And to the proposition of an investment into SPY where many may presume an equal weight of holdings among 11 sectors. NOPE. Tis not a balanced U.S. equity holding. We hold 3 of these equity sectors: tech., healthcare and comm. services for our current choices.
    Sectors	Fund %	Cat %
    Basic Materials 2.42 2.61
    Consumer Cyclical 12.66 11.17
    Financial Services 13.90 13.42
    Real Estate 2.29 2.47
    Communication Services 10.26 10.21
    Energy 2.60 1.90
    Industrials 8.83 10.11
    Technology 23.82 22.81
    Consumer Defensive 6.78 7.99
    Healthcare 13.77 14.76
    Utilities 2.67 2.54
    SP-500 sector weighing

    Regards,
    Catch

  • What would be the purpose ultimately? You would bail or add depending on something you saw? Really?
    And you probably would do that anyway depending on performance over timespan (which for many investors has gotten shorter and shorter over the years).
    I do agree that it is helpful to know what you got into, but you should have done that anyway, beforehand.
    So what @Crash said. I want the chef to buy the ingredients and do the cooking and mixing or assembling. I eat the result. I am paying for the selection skills and judgment, and in the case of investment, tactics and decisions in response to circumstance.
  • I think yes to a certain degree if you bought an active fund you have to trust management knows what they're doing, but if you have a portfolio of active funds that all have similar sector, or worse, identical individual stock exposures, it could expose you to a lot of risk without your even knowing it. As cliche as the saying is, trust but verify does make sense. Know what you own and avoid inadvertent overexposure between funds.
  • edited January 16
    I use M* Portfolio X-Ray (Stock Intersection) to check holdings across my portfolio.
    It provides a decent "quick and dirty" view.
    However, it shows only the top 50 stocks overall and a fund's portfolio may be several months old.
  • What would be the purpose ultimately? You would bail or add depending on something you saw? Really?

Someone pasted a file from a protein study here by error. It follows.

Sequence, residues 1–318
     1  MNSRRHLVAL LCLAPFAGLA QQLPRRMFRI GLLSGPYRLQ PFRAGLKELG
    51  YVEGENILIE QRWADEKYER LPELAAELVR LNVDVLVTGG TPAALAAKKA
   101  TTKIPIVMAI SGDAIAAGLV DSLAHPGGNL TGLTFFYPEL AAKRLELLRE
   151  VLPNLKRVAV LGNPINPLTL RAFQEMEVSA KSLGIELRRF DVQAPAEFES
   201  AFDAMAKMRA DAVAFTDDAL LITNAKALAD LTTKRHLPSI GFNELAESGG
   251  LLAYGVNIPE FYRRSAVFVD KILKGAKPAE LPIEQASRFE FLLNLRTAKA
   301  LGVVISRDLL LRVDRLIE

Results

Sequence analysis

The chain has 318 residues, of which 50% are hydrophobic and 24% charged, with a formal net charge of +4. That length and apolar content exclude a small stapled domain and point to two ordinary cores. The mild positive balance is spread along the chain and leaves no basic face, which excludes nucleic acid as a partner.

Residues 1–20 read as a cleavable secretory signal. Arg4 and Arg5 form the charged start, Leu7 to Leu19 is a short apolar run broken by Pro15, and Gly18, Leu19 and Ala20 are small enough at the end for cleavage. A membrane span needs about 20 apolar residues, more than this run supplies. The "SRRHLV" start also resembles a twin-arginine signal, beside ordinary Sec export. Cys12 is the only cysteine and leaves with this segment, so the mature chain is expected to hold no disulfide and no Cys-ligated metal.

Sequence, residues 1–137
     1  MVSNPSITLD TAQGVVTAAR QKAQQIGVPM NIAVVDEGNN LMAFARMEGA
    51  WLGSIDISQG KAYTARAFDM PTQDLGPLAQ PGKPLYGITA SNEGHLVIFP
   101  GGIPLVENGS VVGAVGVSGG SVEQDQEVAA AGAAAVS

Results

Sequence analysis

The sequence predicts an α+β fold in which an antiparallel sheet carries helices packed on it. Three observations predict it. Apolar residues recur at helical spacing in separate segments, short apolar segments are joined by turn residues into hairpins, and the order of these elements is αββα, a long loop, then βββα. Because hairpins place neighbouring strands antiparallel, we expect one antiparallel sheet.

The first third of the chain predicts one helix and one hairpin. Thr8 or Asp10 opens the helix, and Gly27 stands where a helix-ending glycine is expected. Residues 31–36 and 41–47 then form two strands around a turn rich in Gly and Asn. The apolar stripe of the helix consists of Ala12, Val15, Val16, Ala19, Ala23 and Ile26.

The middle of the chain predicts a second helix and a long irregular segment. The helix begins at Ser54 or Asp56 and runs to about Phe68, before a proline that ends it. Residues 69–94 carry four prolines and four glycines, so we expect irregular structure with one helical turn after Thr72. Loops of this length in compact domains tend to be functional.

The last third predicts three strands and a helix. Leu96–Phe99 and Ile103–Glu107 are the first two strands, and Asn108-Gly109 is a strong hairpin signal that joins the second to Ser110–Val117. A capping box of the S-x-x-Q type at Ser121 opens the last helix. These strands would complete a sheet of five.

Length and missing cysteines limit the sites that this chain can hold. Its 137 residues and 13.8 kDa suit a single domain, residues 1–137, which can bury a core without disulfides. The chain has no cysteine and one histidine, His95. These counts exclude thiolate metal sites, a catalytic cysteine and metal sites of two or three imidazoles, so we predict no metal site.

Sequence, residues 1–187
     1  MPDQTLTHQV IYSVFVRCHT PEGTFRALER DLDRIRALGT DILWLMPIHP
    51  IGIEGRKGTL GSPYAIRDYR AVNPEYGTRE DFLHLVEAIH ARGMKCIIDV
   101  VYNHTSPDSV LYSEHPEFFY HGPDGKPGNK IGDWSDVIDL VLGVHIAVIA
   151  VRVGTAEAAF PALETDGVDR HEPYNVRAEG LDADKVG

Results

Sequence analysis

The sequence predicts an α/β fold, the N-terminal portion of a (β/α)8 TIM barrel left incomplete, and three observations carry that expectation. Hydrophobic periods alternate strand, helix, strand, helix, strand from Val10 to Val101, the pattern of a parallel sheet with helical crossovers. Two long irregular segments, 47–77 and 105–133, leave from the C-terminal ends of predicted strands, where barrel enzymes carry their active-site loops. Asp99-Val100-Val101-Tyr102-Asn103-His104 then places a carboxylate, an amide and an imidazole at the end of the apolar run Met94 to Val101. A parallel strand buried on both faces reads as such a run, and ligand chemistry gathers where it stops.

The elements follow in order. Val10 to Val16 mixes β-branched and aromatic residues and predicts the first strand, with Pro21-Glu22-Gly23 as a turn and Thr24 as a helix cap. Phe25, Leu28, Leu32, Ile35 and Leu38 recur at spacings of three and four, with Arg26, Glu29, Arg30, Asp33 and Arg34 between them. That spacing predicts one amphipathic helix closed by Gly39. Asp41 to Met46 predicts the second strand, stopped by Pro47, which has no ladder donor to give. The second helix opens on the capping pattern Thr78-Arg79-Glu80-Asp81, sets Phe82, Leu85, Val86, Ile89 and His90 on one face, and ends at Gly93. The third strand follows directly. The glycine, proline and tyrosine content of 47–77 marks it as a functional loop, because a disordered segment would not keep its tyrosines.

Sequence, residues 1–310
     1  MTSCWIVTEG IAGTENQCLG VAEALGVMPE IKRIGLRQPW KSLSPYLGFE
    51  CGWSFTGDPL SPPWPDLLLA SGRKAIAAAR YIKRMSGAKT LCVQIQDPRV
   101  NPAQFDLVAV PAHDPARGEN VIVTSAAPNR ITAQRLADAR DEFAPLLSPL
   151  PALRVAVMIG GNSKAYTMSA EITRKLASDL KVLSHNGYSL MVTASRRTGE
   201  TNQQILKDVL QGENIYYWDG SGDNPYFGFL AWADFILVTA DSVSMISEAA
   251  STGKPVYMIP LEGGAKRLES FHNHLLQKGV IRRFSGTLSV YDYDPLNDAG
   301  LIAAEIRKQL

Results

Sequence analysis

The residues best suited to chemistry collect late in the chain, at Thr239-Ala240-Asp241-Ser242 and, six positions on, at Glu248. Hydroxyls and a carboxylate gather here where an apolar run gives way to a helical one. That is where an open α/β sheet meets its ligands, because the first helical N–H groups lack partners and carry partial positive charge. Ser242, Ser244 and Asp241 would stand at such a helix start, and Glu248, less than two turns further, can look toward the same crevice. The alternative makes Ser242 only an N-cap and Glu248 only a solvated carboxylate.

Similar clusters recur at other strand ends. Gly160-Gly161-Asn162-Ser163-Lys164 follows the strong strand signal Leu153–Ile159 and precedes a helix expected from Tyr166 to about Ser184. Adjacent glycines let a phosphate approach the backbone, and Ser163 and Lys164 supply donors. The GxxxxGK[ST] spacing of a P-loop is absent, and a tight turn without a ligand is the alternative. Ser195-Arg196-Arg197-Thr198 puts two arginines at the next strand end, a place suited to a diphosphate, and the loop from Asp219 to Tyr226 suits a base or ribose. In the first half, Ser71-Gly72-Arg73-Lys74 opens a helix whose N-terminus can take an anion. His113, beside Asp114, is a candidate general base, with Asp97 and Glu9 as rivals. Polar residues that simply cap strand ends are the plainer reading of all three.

Absolutely I would, yes. Both single-stocks or general allocations, especially in their top-10 percentage.
  • edited January 14
    I ALWAYS look at the following: PM status/history, sector weightings, G/B/V and L/M/S splatters, top 10 holdings, SD, Sharpe, Sortino & Capture Ratios, 1-3-5-10 Yr TRs.
  • I'm definitely in Ben's camp, investments- and ingredients-wise.
  • It takes some real effort to avoid overlap in Large Cap/S&P500/Growth and Aggressive Growth funds. Almost all of the best ones have the usual suspects: AAPL, MSFT, FB, AMZN, TSLA, BRK... and many of them have Adobe, Tesla and Salesforce. Even my MGGPX has AMZN and ADBE
  • I agree. I try to avoid a lot of overlap. *Some* is inevitable but since all my stock funds are actively managed I know that the holdings will change and today's overlap will be tomorrow's "completely different".

    It takes some real effort to avoid overlap in Large Cap/S&P500/Growth and Aggressive Growth funds. Almost all of the best ones have the usual suspects: AAPL, MSFT, FB, AMZN, TSLA, BRK... and many of them have Adobe, Tesla and Salesforce. Even my MGGPX has AMZN and ADBE

  • @Ben In Large Cap Growth ... it's definitely inevitable. So true.
  • I always look at the top holdings of the funds I buy. I dont want a lot of duplication in the top holdings
  • Tracking the top holding also reveal whether the fund manager is doing "window dressing" at year-end. Some managers like to load up on winning stocks and dump the poor ones so that the optics look better. Some funds have low turnover rates while others have well over 100% annual turnover.

    Last year large cap growth stocks and gold did well, mainly due to the pandemic and hedging, while real estate and commodities trailed badly. Unless we get this pandemic under control with distributing of vaccines to the general population quickly, lockdowns are already happening across the globe.
  • Portfolio Visualizer and M* XRAY are good tools as well for checking.
  • Thank you. Did not know Portfolio Visualizer provides that level of details. I presume the data get refreshed every quarterly or when they are available from the companies.